By KEJAL VYAS and EZEQUIEL MINAYA
PUNTO FIJO, Venezuela -- Large columns of smoke and flame billowed over Venezuela's largest crude refinery Sunday, as authorities looked to put out a fire caused by an explosion over the weekend that killed dozens in the country's deadliest oil industry accident.
Government officials on Sunday said the 640,000 bpd Amuay refinery can be restarted in two days once the blaze has been extinguished and the area deemed "secure."
But crews battling the fire, which broke out early Saturday following a likely gas leak explosion that killed 41 people and injured over 80 more, were dealt a setback by shifting winds overnight.
At least one official at the local oil industry union questioned the government's stance that the plant could resume operations in just a couple days.
A lot of what [the government is] saying I think is damage control...it's all political, said Ivan Freites, a local union leader. The workers say it's probably going to take a lot longer. Right now the damage is incalculable.
Officials from state oil monopoly Petroleos de Venezuela, or PdVSA, didn't give an assessment of damage but said that the flames had been contained to two storage tanks in the southernmost section of the refinery.
The facility is part of the larger Paraguana complex, located in the northwestern coastal state of Falcon, with a total refining capacity of roughly 950,000 bpd.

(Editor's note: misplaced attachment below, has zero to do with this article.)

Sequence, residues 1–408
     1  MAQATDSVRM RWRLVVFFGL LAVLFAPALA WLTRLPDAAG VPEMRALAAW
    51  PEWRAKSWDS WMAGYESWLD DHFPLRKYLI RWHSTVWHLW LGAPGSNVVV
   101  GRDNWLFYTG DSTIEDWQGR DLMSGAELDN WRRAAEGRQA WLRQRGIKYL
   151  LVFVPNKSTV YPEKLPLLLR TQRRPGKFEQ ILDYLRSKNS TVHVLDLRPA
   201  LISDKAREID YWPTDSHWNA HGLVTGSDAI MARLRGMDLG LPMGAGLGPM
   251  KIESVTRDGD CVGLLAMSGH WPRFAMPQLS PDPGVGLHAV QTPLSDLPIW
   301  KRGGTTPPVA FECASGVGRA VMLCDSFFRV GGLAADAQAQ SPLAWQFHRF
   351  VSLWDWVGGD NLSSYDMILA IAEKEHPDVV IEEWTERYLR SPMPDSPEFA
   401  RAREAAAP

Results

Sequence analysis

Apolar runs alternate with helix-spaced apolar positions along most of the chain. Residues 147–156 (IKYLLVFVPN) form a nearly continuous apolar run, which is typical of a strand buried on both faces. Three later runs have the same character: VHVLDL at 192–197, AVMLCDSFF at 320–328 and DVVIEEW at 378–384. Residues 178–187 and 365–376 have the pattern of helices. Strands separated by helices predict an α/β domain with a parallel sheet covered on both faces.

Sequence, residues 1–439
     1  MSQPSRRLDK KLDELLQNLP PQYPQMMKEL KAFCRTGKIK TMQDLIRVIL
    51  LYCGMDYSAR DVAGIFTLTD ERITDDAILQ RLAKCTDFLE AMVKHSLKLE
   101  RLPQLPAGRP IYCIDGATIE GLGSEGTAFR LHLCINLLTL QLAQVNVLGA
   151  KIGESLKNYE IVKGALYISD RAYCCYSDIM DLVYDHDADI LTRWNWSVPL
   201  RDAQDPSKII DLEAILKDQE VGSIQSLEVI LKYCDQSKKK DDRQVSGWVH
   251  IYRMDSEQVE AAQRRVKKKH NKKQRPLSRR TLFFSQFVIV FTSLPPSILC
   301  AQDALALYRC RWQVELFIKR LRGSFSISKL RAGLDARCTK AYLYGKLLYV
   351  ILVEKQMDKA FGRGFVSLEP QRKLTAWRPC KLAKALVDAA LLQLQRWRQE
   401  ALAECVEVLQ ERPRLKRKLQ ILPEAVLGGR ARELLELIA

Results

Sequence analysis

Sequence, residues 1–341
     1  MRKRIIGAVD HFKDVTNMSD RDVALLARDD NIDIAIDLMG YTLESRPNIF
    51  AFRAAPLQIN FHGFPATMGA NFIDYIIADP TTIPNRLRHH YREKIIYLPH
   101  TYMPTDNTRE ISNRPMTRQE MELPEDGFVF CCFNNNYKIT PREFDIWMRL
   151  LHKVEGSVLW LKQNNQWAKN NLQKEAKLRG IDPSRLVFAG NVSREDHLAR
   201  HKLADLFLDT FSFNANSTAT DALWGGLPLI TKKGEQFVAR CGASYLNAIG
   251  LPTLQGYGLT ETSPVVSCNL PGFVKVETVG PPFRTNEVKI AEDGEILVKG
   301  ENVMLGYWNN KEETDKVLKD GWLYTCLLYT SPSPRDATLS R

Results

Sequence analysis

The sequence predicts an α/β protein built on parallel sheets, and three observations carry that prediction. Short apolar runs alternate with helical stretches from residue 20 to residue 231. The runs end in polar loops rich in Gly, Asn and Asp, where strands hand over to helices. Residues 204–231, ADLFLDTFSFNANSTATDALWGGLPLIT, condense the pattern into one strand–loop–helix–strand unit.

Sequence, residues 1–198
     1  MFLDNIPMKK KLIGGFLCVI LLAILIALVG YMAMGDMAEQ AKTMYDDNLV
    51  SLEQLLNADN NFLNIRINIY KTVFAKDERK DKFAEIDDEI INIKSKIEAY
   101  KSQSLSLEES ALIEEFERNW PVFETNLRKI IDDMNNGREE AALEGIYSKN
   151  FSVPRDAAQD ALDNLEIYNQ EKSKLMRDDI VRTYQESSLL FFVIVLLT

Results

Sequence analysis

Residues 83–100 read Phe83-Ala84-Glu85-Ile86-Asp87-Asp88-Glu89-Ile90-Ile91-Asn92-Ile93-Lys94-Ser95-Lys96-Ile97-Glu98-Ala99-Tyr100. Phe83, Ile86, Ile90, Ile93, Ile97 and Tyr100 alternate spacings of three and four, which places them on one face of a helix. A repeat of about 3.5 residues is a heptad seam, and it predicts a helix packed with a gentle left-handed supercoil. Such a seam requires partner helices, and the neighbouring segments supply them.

Rafael Ramirez, who doubles as oil minister and PdVSA chief, assured viewers during a televised update that the refining area of the facility wasn't damaged or at risk and that the country had enough stored fuel and alternate facilities to meet domestic demand.
We have 10 days of inventory of product, Mr. Ramirez said from near the site and added that Venezuela's remaining refineries had a capacity of 735,000 bpd of fuel.
Take confidence in the men and women of the new socialist PdVSA, said Jesus Luongo, general manager of the Paraguana Refining Center.
Mr. Luongo said under a worst-case scenario, it would take a couple of days for the blaze to burn itself out if firefighters were unable to douse the flames. Such a strategy wouldn't endanger the surrounding facility, he said.
Mr. Luongo added that fire crews had resumed on Sunday engaging the blaze at one of the storage tanks.
A cloud of smoke could be seen from miles away, hanging over the refinery and parts of the city.
Officials estimate that more than 200 homes in the area were affected by the blast and 33 families displaced.
Residents of the Ali Primera zone, along the refinerys southern end saw many windows and roofs collapse from the shockwave.
Of the reported fatalities, at least 18 were members of the National Guard stationed near the refinery, 15 were civilians - mostly family of National Guard members - and six bodies remained unidentified.
On Sunday, authorities reported two additional deaths of hospitalized victims of the blast but provided little further detail.
The place looked like a war zone, Ramon Guerra, a Punto Fijo resident who had helped in the rescue effort, said of the National Guard compound.
It was as if someone dropped a bomb on the place. Everything was wiped out, he said, showing a video he had taken of the aftermath using a smartphone camera.